In this inverted asana, we experience a state of tension that can be absolutely unbearable when we first start out as beginners or even after many years, when in the opening moments of entering this pose, we sense that constriction in the chest and breath. The name says it all: the plough, with our body taking on the shape of that piece of equipment used either on farms to till the soil or on our streets to remove the snow.
After a plough has churned through the soil or swept down our road, our space is transformed. It's a loud, tense, rumbling affair, ploughing, but the results are expansion and transformation. There is a relief and release once it's barreled past us, and done its job. We can get down the road again, a new seed can take root.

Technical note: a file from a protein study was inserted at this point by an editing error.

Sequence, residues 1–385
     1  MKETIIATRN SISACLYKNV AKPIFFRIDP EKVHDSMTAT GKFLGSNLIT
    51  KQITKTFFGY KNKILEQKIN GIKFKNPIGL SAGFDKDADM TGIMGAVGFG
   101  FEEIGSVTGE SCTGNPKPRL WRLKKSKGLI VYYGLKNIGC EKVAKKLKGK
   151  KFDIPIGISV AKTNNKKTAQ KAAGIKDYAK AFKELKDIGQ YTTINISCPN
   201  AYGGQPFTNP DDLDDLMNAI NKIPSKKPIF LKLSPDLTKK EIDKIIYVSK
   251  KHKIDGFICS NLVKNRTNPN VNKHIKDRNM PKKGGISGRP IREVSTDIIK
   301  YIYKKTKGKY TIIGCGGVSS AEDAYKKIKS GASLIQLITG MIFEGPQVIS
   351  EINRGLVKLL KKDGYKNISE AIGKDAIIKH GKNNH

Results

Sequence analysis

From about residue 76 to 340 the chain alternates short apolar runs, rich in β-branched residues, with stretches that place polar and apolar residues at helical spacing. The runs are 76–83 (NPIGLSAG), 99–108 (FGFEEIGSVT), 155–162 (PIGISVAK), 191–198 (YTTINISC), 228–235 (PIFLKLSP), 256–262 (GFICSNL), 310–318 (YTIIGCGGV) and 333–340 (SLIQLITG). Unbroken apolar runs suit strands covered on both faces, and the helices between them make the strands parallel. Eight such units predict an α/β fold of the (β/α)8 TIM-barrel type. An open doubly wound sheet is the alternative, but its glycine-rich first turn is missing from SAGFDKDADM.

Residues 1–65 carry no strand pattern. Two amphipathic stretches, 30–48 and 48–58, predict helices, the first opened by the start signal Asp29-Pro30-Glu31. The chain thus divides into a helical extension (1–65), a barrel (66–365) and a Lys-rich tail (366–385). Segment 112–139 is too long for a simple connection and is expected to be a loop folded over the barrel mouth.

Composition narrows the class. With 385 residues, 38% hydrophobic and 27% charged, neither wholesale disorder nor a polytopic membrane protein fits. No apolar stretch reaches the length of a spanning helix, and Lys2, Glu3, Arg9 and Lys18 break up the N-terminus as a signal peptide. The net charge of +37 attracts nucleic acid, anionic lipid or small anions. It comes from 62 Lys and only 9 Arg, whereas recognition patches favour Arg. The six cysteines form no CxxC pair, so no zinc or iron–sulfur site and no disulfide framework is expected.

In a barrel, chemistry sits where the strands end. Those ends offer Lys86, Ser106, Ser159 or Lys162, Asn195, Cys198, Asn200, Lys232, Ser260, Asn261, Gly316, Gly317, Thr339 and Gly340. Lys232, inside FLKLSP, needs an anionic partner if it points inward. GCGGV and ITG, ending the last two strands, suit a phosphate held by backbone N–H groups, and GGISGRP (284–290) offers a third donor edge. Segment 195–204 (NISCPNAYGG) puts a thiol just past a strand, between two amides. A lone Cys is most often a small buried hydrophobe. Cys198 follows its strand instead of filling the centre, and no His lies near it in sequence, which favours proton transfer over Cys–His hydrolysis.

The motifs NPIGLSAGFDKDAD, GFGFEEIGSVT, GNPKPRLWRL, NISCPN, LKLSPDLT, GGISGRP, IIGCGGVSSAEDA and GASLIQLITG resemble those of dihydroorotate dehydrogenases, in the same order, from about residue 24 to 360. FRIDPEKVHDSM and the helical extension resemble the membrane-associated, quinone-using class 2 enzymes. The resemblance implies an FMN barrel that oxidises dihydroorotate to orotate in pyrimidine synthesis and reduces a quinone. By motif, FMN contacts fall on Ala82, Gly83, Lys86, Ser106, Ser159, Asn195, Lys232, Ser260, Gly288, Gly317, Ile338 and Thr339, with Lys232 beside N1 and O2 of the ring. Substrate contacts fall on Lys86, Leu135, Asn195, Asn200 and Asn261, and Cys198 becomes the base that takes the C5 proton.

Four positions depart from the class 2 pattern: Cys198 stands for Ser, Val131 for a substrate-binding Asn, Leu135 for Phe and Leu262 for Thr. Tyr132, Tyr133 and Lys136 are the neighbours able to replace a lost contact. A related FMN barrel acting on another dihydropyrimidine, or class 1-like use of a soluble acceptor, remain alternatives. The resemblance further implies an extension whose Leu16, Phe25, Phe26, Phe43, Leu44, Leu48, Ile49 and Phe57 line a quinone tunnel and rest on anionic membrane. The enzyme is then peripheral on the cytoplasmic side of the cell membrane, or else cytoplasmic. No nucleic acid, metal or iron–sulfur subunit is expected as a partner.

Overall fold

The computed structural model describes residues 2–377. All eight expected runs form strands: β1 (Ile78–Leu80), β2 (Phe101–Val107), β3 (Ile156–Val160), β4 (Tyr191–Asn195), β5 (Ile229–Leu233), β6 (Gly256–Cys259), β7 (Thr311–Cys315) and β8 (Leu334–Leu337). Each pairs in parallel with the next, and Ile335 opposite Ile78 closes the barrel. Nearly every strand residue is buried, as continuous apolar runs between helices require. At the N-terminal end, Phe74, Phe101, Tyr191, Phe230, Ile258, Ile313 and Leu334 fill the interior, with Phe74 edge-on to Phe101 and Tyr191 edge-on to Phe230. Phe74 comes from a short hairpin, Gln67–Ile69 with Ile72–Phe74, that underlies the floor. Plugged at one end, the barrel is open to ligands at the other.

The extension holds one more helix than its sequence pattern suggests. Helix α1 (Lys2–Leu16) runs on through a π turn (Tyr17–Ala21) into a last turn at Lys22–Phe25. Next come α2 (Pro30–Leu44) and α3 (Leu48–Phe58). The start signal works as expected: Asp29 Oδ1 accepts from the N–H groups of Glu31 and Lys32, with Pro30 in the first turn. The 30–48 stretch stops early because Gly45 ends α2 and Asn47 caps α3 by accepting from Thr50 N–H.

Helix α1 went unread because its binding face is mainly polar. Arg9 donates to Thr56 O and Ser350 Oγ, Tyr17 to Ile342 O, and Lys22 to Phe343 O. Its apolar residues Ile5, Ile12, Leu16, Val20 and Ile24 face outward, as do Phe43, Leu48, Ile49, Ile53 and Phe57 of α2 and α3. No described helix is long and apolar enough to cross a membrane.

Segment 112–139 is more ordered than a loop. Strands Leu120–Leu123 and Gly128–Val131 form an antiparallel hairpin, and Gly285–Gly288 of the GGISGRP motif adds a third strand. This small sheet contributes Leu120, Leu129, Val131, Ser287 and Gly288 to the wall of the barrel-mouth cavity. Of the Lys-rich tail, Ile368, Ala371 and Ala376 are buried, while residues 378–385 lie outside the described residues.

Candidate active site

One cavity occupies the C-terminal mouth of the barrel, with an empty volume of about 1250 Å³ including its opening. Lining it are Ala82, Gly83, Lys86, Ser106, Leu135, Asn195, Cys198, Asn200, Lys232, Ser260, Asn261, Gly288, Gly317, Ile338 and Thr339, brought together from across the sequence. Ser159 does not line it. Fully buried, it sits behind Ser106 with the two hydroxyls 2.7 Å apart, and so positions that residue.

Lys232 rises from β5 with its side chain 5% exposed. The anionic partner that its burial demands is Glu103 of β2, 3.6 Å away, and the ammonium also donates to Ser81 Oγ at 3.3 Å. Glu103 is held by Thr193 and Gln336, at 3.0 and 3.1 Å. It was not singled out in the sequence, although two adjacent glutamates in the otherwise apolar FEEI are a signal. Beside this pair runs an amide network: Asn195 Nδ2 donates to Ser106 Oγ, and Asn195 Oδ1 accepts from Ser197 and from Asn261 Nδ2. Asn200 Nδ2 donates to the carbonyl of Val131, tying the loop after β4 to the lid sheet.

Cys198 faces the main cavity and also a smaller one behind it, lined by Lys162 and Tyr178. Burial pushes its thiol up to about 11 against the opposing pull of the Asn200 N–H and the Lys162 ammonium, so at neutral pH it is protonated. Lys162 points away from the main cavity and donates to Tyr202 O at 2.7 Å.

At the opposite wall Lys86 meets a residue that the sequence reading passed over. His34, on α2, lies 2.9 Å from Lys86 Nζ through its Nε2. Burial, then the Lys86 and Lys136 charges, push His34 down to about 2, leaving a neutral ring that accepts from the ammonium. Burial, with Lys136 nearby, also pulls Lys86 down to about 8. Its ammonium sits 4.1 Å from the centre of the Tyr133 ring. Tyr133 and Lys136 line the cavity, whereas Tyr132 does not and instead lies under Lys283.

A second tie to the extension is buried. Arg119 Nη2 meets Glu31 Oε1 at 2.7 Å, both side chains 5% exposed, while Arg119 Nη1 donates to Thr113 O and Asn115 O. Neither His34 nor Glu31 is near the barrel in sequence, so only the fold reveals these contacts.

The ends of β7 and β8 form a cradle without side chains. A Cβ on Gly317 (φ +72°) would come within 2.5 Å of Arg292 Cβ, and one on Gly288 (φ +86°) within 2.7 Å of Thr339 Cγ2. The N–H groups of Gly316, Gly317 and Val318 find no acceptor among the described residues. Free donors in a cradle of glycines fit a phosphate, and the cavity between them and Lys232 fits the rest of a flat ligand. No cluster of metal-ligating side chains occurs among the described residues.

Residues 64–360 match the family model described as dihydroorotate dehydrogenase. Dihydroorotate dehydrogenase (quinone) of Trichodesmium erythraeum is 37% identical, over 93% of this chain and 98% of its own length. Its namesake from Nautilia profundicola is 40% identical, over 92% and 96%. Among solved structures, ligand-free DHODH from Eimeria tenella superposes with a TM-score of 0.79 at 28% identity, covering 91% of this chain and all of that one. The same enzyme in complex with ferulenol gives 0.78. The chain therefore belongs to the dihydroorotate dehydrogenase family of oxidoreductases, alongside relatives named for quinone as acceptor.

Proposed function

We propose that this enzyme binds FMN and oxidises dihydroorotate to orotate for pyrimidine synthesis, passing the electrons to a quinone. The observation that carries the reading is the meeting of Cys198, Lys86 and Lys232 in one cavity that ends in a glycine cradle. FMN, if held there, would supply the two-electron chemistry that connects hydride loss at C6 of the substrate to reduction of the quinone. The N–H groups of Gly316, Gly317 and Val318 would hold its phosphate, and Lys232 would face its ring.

There is perhaps no other pose in which to experience this rolling, churning sense of restriction followed by release. If you can bear observing your breath through the tension and wait for the calmness, then you'll experience this sense of pure relief, your midsection opening up as smoothly as a flower blossom. It's a pretty fun way to experience the spiritual truth that rewards come once you pass the test. It brings this truth alive in an immediate, real, everyday way. You can vary the pose by spreading feet apart but try to maintain uprightness through the belly-button and solar plexus region. When coming out of it, you can air-dance your way down and end up in bridge pose, which we'll look at next.